man001025. Roosevelt Fitzgerald Professional Papers, 1890-1996. MS-01082. Special Collections and Archives, University Libraries, University of Nevada, Las Vegas. Las Vegas, Nevada. http://n2t.net/ark:/62930/d1pn91w03
Standardized Rights Statement
Digital Processing Note
ALL THAT CHAZ BY ROOSEVELT FITZGERALD
Back in the good 1ol days, where I come from, black people stood a good chance of getting into trouble just by walking past white nite clubs. They would have a few of us around working one job or another and after they would have had one drink too many and one drink was usually that, they might call us some dirty name or other and those who were lucky enough to have a girlfriend with them would show off their masculinity by kicking us in the butt or worse. You know--showing off and having a big laugh but always at our expense.
Those who frequented such places alone always seemed to congregate together, pass a bottle around, get soused and when they were unlucky in finding somebody to take off to a berry patch or an erstwhile lovers lane, would simply ....with us. Its no wonder they couldn't get any girls--they obviously didn't know what girls looked like.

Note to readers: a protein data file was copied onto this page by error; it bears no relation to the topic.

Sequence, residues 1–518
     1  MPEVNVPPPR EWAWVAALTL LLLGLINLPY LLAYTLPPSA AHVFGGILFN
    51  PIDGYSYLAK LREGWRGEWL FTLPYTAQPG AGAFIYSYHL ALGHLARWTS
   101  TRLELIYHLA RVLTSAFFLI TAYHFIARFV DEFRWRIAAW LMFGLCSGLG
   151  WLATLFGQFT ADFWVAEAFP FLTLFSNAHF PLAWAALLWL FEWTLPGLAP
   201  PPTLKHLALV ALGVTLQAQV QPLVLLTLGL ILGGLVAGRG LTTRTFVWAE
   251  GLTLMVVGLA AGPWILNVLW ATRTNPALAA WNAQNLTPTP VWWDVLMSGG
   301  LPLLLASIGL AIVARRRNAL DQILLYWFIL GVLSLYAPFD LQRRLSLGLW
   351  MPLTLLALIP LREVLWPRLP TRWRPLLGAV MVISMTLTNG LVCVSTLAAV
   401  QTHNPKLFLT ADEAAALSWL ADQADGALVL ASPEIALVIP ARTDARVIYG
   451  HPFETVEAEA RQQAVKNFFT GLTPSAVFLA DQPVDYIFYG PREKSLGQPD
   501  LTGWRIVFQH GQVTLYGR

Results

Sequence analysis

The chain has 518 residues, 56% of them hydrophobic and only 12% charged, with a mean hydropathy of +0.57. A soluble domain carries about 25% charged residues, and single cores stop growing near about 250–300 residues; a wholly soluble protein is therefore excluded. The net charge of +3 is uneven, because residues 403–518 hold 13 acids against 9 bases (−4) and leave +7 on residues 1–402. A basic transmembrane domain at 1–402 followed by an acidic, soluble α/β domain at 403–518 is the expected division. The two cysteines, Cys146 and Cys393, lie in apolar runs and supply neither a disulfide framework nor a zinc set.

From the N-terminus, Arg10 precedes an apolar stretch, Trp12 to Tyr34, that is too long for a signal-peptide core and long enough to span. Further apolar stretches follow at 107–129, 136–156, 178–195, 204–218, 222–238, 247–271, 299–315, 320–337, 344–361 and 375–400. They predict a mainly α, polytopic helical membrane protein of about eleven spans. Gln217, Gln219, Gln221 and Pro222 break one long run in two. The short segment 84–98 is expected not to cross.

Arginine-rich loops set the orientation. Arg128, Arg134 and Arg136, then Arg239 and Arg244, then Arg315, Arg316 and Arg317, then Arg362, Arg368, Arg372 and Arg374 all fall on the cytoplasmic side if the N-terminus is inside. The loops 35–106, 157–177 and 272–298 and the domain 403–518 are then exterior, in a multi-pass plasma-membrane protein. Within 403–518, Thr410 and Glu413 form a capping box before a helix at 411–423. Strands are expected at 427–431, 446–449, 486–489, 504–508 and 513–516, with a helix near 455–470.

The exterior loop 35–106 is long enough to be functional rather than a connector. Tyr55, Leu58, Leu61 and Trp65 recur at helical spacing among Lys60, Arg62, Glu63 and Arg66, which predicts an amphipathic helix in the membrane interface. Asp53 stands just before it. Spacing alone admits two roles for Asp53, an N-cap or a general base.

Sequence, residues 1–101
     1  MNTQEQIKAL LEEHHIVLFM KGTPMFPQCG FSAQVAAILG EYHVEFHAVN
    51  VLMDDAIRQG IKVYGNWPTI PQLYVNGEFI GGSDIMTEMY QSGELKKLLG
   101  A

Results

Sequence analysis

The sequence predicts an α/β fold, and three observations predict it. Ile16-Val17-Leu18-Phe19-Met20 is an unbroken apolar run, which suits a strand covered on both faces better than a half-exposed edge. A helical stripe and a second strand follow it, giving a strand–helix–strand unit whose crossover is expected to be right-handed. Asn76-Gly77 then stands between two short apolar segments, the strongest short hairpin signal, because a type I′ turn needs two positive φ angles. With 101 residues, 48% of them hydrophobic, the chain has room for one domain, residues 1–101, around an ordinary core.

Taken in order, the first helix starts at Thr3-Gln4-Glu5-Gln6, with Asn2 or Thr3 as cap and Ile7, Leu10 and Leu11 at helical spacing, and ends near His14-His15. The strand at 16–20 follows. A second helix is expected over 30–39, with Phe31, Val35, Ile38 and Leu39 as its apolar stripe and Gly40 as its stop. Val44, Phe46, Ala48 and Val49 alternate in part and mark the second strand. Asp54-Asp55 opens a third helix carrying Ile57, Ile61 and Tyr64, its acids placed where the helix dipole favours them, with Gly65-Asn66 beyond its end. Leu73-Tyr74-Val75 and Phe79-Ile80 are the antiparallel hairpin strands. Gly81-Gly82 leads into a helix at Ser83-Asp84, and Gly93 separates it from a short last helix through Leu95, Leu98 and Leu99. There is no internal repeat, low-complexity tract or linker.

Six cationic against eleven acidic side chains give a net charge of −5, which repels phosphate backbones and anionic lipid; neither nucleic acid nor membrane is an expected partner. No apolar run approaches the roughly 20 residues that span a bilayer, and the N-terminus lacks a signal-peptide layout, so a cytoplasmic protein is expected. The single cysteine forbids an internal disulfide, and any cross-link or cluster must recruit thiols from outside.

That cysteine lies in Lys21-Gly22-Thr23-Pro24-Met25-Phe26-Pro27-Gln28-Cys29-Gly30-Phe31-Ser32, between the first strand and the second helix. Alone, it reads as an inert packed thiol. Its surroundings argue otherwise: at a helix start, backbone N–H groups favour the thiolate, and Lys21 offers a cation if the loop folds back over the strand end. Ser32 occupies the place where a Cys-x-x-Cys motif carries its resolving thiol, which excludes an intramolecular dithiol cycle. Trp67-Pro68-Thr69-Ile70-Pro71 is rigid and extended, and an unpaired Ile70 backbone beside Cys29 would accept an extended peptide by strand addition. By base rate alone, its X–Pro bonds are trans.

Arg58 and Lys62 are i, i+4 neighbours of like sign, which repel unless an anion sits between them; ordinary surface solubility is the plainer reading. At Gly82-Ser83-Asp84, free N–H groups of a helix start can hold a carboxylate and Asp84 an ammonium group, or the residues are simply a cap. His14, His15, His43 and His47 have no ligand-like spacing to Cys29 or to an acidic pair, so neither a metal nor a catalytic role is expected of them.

Yes, those were the good 'ol days--the days that have been glorified in all of the fanatical craze over the 1950s. The 1950s was much more than "Have Gun Will Travel," "Route 66," or the updated jaded version of it which is passed off as "Happy Days." It was a time when a sizeable percentage of our nation's population were prevented the right to vote and those in authority— those pledged to execute the Constitution misunderstood and murdered it. It was a time when people like me could not try on a pair of shoes or pants or jacket or hat before paying for it. It was a time when if restrooms were provided at all there were signs that read MEN, LADIES and COLORED and the latter was never considered either of the former and the place, while never being cleaned, boasted the seal of approval claiming to be sanitized.
You have any idea what a toilet, and that's what they were, smells like with years of caked up urine and feces in the bowl, seats that are hairy with mold and an air quality that would make you puke just by opening the door is like? That's what we had. It was a time when places provided small back